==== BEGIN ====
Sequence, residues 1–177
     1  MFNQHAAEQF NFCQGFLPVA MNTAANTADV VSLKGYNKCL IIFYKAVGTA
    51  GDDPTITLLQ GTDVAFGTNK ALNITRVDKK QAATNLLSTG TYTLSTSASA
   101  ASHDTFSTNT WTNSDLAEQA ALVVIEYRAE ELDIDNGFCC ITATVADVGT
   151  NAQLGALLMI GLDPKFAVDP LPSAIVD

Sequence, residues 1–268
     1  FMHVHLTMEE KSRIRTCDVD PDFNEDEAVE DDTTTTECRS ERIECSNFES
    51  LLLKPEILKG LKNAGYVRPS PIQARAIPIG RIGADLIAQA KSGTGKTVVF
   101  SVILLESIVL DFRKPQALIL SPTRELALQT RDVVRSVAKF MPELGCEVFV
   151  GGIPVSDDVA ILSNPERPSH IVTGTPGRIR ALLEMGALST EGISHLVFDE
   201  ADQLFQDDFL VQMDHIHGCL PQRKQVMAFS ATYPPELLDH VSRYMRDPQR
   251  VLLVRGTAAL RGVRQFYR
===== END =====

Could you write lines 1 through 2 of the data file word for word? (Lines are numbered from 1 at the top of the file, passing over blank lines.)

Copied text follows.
Sequence, residues 1–177
     1  MFNQHAAEQF NFCQGFLPVA MNTAANTADV VSLKGYNKCL IIFYKAVGTA